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Tuesday June 1, 2010 7:22 AM (EST+7)
UN Security Council meets on Gaza flotilla

Read more: United Nations, Flotilla, international activists, war crimes

UNITED NATIONS, May 31 (Reuters/Louis Charbonneau and Patrick Worsnip) - The UN Security Council met in emergency session on Monday to discuss Israel's storming of a Gaza-bound aid flotilla, with most members of the 15-nation body calling for a thorough investigation.

Following a 90-minute open meeting, the council went into closed-door consultations. Diplomats said envoys were haggling over the text of a proposed statement by the council, a task that dragged on into the evening.

Israeli marines stormed a Turkish aid ship bound for Gaza on Monday. The incident, in which the Israeli military said at least nine pro-Palestinian activists were killed, sparked widespread condemnation.

Many council members criticized the Israeli action with varying degrees of vehemence, and said it was time for Israel's three-year-old blockade of Hamas-controlled Gaza to be lifted.

This is tantamount to banditry and piracy, Turkish Foreign Minister Ahmet Davutoglu told the council. It is murder conducted by a state. Most of those who died in the incident were Turks, according to one senior Israeli officer.

The United States, Israel's principal ally on the council, spoke in guarded terms. Deputy UN Ambassador Alejandro Wolff said Washington regretted the loss of life and wanted a credible and transparent investigation by Israel.

But he criticized the attempt by the flotilla organizers to attempt to run Israel's blockade of Gaza. Direct delivery (of aid) by sea is neither appropriate nor responsible and certainly not effective under the circumstances, he said.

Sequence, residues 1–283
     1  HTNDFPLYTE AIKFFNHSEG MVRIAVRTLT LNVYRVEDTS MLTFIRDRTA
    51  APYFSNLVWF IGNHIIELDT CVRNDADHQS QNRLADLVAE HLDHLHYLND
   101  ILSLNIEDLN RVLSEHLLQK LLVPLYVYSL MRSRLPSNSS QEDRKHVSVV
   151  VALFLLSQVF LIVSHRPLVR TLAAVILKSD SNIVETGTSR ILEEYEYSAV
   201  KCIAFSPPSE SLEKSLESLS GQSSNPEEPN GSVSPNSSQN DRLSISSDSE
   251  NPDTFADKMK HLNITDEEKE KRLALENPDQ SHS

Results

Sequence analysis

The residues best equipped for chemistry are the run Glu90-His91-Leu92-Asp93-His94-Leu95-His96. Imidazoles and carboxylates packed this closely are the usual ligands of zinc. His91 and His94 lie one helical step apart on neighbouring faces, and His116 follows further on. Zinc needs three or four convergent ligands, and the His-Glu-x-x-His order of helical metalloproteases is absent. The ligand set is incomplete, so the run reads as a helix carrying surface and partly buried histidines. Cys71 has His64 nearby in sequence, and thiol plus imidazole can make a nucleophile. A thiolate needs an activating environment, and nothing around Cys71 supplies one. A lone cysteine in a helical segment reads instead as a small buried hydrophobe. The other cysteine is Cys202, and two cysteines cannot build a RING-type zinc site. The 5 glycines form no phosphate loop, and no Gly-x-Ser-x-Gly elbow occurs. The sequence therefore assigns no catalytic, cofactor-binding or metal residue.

Israel's deputy ambassador, Daniel Carmon, told the council the flotilla was anything but a humanitarian mission. Its organizers cynically used the guise of humanitarian aid to send a message of hate and to implement violence, he said.

The organizers, some of whom he said were linked to terrorist organizations, had forced Israel to launch its operation, which had been intended as a preventive measure to counter illegal breakage of the blockade, Carmon said.

British Ambassador Mark Lyall Grant said there was an unambiguous need for Israel to act with restraint and called the blockade of Gaza unacceptable and counterproductive.

Diplomats said points at issue in the proposed council statement included whether an investigation should be independent -- a word that could preclude just a probe by the Israeli military -- and how to assign blame for the incident.

The council session was convened at the request of Turkey and Lebanon, both of which are rotating nonpermanent members of the council.

The permanent Palestinian observer to the United Nations, Riyad Mansour, told reporters before the meeting that he wanted to see a decisive outcome, a reaction (that will) bring Israel to account ... to condemn this action.

Mansour represents the Palestinian Authority, which has no control over the Gaza Strip, as it is de facto governed by the militant group Hamas.

Israel's blockade of Gaza has been criticized by UN officials for causing what they call a humanitarian crisis. But Carmon said, There is no humanitarian crisis in Gaza.






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